There are several ways to establish paternity. If you are not married to the other parent of your child, you may consider exploring your options in this regard. Establishing paternity can have advantages for both parents, but the most important b enefits are for the child.
Methods of determining paternity
In the State of Tennessee, there are three ways to legally determine paternity. If the parents are married at the time of birth, it is presumed that the husband is the father. This legal presumption also applies when the child was born 300 days or less after a judgment of divorce. If the parents are not married, the father has the option to sign a Voluntary Acknowledgement of Paternity when the child is born. Finally, if the parents are unsure of paternity, DNA testing can provide conclusive evidence either way. A court can issue a ruling of paternity based on DNA results.
Involvement with the child
Getting a determination of paternity can be the right option for a father who wants to stay in contact with his child. Having proof of paternity can legally entitle him to visitation as well as input into decisions that affect the child’s life.
On the other side, a mother who is faced with a father who denies paternity and refuses to pay child support can get a determination of paternity. A conclusive finding of paternity will obligate the father to pay court-ordered child support.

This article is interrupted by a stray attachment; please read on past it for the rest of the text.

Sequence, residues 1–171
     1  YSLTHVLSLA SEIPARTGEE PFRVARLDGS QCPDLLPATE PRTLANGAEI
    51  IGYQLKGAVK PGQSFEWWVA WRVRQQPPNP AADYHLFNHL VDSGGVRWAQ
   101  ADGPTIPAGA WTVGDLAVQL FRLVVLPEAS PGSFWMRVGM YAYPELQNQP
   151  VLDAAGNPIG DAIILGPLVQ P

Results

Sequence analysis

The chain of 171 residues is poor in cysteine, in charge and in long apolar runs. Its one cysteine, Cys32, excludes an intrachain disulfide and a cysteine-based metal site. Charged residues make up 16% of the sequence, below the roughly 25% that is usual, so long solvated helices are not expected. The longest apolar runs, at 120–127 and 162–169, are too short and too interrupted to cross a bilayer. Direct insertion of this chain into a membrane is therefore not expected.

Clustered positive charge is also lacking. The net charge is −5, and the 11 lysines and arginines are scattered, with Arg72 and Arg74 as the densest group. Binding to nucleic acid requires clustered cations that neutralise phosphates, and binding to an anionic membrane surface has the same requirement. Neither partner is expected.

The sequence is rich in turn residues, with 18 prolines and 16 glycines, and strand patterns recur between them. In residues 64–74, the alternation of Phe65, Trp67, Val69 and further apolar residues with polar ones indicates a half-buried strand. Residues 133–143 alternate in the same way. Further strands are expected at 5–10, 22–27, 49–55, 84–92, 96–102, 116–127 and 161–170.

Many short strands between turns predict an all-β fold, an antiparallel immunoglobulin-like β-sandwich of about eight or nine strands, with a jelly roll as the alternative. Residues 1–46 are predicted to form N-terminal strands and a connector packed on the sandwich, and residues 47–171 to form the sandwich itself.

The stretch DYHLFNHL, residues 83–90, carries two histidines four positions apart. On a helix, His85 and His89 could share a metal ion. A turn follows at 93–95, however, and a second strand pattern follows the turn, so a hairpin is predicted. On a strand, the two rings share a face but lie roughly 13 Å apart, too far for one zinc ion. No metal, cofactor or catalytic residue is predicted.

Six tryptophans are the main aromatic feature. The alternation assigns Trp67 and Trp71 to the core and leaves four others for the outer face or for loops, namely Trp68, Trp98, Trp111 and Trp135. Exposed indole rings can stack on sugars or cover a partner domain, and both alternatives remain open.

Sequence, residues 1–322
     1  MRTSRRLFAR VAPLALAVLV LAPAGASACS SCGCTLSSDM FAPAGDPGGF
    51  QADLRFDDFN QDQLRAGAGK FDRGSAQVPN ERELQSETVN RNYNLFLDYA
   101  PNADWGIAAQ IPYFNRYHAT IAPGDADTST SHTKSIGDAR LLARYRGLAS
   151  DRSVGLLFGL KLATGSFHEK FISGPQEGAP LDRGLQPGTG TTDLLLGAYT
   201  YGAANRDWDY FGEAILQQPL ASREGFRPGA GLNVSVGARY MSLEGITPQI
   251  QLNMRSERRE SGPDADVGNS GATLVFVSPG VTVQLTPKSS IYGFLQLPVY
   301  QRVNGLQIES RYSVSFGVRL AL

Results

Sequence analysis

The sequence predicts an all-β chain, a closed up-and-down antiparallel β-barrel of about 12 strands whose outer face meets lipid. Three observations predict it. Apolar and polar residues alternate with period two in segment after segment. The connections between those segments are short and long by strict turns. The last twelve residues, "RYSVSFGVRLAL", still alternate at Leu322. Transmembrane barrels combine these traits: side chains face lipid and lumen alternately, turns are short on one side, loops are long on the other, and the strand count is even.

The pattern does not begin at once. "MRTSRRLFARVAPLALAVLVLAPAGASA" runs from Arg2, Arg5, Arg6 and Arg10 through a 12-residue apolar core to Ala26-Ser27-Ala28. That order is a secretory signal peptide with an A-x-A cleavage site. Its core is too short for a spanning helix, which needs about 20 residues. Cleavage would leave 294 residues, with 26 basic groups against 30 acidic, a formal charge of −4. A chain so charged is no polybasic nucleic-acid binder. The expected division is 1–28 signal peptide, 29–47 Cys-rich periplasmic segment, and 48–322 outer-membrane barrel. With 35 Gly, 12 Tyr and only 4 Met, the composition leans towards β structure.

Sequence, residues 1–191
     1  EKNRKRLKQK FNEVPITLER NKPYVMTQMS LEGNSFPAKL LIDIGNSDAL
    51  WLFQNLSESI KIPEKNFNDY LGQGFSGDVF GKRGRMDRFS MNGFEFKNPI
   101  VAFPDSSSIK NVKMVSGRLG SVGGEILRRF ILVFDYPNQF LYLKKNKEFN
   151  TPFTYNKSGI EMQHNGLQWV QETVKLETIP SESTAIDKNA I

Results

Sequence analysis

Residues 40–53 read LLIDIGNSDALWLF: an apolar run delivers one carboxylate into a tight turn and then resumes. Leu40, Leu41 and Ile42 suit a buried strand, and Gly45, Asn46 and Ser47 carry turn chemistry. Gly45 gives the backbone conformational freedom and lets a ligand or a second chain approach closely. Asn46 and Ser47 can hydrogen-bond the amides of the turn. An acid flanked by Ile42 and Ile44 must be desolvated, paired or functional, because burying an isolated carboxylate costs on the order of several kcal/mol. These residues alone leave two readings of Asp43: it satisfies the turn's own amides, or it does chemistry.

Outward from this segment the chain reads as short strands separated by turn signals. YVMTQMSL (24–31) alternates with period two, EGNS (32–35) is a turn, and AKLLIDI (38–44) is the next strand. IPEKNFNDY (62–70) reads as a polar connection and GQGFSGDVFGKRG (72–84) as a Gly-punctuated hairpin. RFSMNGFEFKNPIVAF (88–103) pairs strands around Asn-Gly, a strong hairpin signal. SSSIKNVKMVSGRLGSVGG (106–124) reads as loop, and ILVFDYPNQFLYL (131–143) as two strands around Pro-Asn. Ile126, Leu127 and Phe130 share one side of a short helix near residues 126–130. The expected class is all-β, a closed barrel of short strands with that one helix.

Not least to consider, the child also benefits from the certainty afforded by an establishment of paternity. The psychological impact of not knowing one’s father can inflict emotional damage and affect normal development. In the case of a father who wishes to remain involved, the child will benefit from his presence in his or her life.
In addition to psychological benefits, a child with proof of paternity may be better off financially. Even when there is no dispute among the parents, a child with an unwed father who did not sign the Acknowledgement of Paternity can lose out on benefits such as life insurance proceeds, social security and veteran’s benefits. If the father dies intestate or leaves his assets to unspecified “children” in his will, a child with no proof of paternity may be unable to inherit.
Another key issue is family medical history, which is not complete without the father’s records. Establishing paternity can be of great help to health care, especially if the child has any type of medical condition.
Establishing paternity can be a smart move that is in your child’s best interests. To find out more about your options, consult an experienced family law attorney in your area.